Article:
Student leaders = leaders of students.
Are you effectively motivating and equipping your student leaders to actually be leaders of students?
John Maxwell, the widely-respected leadership guru who started out as a pastor of a small church in Ohio, describes leadership like this: “A leader is one who knows the way, goes the way, and shows the way.”John Maxwell, the widely-respected leadership guru, describes leadership like this: “A leader is one who knows the way, goes the way, and shows the way. Click To Tweet
Whether you have a formally designated group of “student leaders,” or you lean more toward the less structured approach of letting student leaders percolate up out your group without attaching an “official” title to their role, there’s very likely some great untapped potential sitting on the sidelines of your youth ministry.
Either way, you’re the coach. So it’s up to you to give your student leaders the vision, skills and encouragement they need to get off the bench and into the game. And to do that they need to know the way, go the way and show the way.
Here are four steps to help you identify and cultivate Gospel Advancing student leaders.
Step 1: Identify Your Own Expectations for Leadership.
If “a leader is one who knows the way, goes the way, and shows the way,” prayerfully formulate your own expectations of what you think it looks like in your ministry context for your student leaders to…
- Know the way. Your student leaders need to understand your bold vision to advance the gospel.
- Go the way. In order to make disciples who make disciples, your student leaders need to be disciples themselves. They can’t lead others where they haven’t gone themselves.
- Show the way. Getting your student leaders motivated and equipped to personally model a Gospel Advancing lifestyle is a huge step in the right the direction.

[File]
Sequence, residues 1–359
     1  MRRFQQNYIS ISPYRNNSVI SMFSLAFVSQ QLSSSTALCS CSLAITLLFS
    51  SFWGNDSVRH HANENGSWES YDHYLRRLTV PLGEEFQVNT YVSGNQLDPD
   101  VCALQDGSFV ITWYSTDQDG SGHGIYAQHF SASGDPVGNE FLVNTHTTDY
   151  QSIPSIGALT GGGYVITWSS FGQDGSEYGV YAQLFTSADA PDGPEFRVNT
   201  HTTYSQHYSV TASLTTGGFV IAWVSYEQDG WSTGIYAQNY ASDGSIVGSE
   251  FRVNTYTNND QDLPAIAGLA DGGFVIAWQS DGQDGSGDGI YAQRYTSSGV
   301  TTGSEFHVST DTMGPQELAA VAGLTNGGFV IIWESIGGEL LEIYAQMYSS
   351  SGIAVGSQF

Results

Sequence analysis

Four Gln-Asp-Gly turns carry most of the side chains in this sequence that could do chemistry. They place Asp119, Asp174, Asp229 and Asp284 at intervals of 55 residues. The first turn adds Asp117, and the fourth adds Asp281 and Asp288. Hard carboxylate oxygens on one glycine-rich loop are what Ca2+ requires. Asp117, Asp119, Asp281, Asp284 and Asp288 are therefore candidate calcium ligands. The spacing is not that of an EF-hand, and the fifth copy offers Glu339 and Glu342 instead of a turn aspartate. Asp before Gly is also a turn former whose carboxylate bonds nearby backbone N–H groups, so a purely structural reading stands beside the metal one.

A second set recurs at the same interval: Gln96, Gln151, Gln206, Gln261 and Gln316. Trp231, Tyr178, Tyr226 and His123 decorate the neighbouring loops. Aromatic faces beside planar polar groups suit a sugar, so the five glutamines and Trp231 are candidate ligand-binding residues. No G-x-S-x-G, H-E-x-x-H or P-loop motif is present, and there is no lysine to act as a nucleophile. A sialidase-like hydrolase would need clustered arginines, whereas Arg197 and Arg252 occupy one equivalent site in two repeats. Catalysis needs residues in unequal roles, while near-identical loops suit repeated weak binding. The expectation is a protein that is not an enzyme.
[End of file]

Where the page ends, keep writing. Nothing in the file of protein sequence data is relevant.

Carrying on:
As you consider, ask yourself these questions…
- What are your expectations for your student leaders when it comes to growing deeper in their own walk with Jesus?
- Will you disciple them yourself or pair them up with another adult mentor so they can go deeper with God and develop the character traits and skill sets that will grow them into young leaders?
- Are your student leaders personally engaged in relational evangelism and capable of discipling others, or at least willing to grow in these areas?
- How could you better utilize your student leaders during your youth group meetings, i.e., welcoming visitors and folding them into the group, leading small group discussions, leading prayer, presenting the gospel and giving an invitation to trust Christ, etc.?
Try This! ❯
Prayerfully identify two to three students who have leadership potential. Then approach them to see if they’re interested in taking the next step. If so, get them into a discipling relationship.
Step 2: Identify Your Students with Leadership Potential.
Pull out a roster of the students who typically attend your youth group. Then spend some time prayerfully considering who has leadership potential. Identify 2-3 students that Jesus impresses on your heart who you could see yourself (or another adult leader) investing in.
Step 3: Invite Them to Get in the Game.
Approach those students, individually or as a small group, and ask them if they would be interested in playing a leadership role in your youth group. Share the expectations you identified in step one.
Step 4: Disciple Your Student Leaders.
Whether you do the discipling yourself, or delegate it to another adult leader, your student leaders need to be taught how to follow Jesus by having someone pour into them. This is time outside of your regularly scheduled meetings. The goal is to guide them toward becoming a disciple multiplier themselves with their peers. As they wade into this process, help them identify 1-2 other students they can pour what they are learning into. Ideally, these would be students that they shared the gospel with and led to Christ themselves, but it can also be other Christian students in the youth group who are young in their faith. As they disciple their peers, be there to encourage, answer questions and, most importantly, pray for them. Then as their friends grow in their walk with Jesus, equip them to share their faith and start discipling their friends too, so that the process of making disciples who make disciples multiplies out.
Tapping into the potential of your student leaders not only extends your reach and multiplies your Kingdom impact, it provides these leadership-caliber students with disciple-making skills that will last them a lifetime.